All about our frames
Ever wondered what the difference is between different types and materials that glasses frames are made of? Here's a bit of light reading on the subject...
Full rim frames
Full rim frames are the most robust and easiest frames for glasses. They are the easiest to fit lenses into and generally hold the lenses the best. Plastic and acetate frames are heated to expand them which is how the lenses are fitted, then when they cool the material contracts slightly and holds the lenses in for a snug fit.
For metal full rim frames the process is a little different. The frames have a tiny screw that holds the part of the frames that surrounds the lenses together. Usually just under the part where the arm joins the front piece of the glasses. This is unscrewed, the frames are opened up, the lenses fitted in, the screw replaced and hey presto! Anyone could do it.
Semi-rimless or half-rim
These are glasses that only have half of the frame surrounding the lens. To hold the lenses in properly, the lenses actually have a groove cut into them and a thin piece of nylon holds the lenses tightly against the rest of the frame. Semi-rimless glasses are not as robust as full rim frames and generally are a bit fiddlier to fit which can increase the cost of the glasses slightly.
OK so you want that really minimalistic look? Then rimless is just right for you. These are glasses that have no rim whatsoever. The bridge (the bit that goes around your nose) and the temples (arms) are joined to the frames with small bolts and nuts through holes that are drilled into the lens. These glasses are typically the most fragile and difficult to fit lenses into and are not recommended for environments where they may get knocked around a bit.
Now lets get on to the materials that glasses are made of. The question we are often asked is: "why are some glasses more expensive than others and yet they look so similar?" Here's why...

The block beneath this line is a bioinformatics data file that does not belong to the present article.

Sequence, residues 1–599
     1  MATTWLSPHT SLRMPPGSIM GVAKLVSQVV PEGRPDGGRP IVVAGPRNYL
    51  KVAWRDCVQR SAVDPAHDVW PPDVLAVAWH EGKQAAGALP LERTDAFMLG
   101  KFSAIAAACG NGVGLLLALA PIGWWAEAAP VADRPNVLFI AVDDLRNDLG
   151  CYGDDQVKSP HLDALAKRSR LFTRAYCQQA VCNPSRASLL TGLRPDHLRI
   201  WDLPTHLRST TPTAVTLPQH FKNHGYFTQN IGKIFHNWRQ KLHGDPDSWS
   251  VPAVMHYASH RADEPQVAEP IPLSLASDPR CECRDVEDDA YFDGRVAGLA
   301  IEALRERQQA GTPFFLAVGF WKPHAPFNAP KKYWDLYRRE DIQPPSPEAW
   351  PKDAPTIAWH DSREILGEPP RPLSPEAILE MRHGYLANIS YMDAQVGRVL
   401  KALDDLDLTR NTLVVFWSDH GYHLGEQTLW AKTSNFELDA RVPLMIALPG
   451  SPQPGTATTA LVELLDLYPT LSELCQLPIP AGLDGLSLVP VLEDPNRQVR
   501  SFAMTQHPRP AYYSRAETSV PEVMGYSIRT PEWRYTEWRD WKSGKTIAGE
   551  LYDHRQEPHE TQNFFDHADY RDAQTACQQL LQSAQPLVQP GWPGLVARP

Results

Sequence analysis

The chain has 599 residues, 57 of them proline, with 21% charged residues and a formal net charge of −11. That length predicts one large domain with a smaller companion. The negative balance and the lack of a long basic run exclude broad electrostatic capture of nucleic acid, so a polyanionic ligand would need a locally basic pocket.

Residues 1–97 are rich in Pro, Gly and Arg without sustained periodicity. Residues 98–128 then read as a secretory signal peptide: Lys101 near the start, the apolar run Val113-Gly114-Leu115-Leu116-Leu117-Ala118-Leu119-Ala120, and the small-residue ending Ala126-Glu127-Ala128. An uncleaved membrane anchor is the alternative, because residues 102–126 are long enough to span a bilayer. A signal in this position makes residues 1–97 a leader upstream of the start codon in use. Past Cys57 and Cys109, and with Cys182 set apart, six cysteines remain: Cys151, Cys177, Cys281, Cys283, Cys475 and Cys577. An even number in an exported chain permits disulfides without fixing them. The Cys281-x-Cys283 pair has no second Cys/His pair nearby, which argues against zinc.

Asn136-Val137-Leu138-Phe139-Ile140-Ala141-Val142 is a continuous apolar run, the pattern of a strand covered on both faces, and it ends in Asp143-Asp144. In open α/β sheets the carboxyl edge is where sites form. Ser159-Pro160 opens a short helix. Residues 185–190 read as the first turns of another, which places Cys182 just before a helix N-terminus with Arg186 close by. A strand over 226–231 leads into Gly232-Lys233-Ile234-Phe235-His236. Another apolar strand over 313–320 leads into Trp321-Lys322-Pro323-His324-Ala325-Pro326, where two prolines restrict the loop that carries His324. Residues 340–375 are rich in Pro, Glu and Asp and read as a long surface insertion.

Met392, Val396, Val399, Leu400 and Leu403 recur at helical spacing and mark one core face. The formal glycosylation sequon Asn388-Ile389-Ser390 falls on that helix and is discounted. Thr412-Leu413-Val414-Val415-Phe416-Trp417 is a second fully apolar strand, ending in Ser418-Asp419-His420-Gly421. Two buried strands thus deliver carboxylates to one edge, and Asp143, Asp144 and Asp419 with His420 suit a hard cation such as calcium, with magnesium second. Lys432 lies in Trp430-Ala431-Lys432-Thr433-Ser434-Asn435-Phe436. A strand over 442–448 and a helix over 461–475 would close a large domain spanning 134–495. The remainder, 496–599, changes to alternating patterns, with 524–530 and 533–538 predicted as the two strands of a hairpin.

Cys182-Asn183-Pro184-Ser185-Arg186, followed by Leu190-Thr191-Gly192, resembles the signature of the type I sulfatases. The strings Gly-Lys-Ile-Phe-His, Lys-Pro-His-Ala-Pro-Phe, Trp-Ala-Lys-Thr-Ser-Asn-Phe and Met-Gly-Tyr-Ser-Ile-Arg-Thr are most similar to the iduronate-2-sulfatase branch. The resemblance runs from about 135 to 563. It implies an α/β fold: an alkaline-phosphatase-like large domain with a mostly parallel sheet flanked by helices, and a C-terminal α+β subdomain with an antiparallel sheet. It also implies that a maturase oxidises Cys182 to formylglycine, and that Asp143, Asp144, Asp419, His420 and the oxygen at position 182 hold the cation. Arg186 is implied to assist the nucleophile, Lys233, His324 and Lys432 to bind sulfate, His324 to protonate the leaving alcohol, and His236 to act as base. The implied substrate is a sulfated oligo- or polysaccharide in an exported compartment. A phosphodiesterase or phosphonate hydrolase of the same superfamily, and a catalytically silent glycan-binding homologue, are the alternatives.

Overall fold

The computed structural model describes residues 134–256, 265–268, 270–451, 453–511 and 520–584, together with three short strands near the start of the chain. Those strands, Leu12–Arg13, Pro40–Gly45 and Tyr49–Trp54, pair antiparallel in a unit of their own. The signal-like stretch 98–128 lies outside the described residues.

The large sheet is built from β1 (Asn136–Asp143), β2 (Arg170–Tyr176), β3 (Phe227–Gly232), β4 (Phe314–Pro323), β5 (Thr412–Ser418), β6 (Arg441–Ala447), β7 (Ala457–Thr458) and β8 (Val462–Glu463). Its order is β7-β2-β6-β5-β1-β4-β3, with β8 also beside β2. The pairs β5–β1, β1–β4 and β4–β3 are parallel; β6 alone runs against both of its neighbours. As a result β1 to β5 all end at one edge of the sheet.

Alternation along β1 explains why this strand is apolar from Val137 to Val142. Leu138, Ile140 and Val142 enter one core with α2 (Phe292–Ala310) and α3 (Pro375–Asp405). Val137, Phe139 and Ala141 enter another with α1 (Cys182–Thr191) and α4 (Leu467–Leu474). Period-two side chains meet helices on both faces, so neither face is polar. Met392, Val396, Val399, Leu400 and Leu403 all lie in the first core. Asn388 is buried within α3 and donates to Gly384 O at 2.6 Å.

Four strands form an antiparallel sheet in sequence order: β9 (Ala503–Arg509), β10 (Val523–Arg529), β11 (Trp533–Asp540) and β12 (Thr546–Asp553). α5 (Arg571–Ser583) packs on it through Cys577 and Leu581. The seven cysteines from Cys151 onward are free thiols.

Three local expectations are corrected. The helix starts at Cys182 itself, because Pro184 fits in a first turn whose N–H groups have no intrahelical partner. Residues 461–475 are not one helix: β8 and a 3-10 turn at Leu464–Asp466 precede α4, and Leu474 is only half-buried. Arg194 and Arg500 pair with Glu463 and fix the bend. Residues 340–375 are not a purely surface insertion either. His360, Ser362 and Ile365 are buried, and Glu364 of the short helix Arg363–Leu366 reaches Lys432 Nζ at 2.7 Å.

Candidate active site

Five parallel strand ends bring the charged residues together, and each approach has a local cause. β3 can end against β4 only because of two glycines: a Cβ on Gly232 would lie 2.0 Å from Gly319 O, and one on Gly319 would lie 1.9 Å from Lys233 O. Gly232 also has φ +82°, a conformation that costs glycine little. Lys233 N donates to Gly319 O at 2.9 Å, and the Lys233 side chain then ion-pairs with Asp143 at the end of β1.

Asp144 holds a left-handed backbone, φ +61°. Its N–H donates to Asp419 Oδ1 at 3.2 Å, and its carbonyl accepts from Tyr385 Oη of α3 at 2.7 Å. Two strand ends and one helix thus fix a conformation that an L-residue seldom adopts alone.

Plastic frames are the cheapest to produce. All plastic frames are injection moulded by a machine that heats the plastic until it's molten then squirts it into a precise mould which when the plastic has cooled again, bingo you've got a frame component produced - very cheaply. Thats the good side of plastic frames. The not-so-good side is that plastic frames have a tendency (compared to the similar material acetate) to lose shape over time. Its not so easy for getting beautiful colours into the frame unless its painted on and this creates the possibility of it flaking or wearing off eventually, but hey they're cheap!
Acetate is a nylon-based plastic that is strong, lightweight and flexible. It is also hypoallergenic. Acetate glasses have the largest range of transparency, rich colours and finishes as it can be produced by layering several colours or transparencies and laminating them together.
Acetate eyewear is then made by combining layers of plastic into large blocks, the individual parts are then cut from it. It is hand polished and finally assembled into a complete frame.
Because of the extra work involved, and also the extra colour possibilities, acetate is always used for more expensive eyewear brands. It retains its shape and colour for longer than plastic, but is more expensive.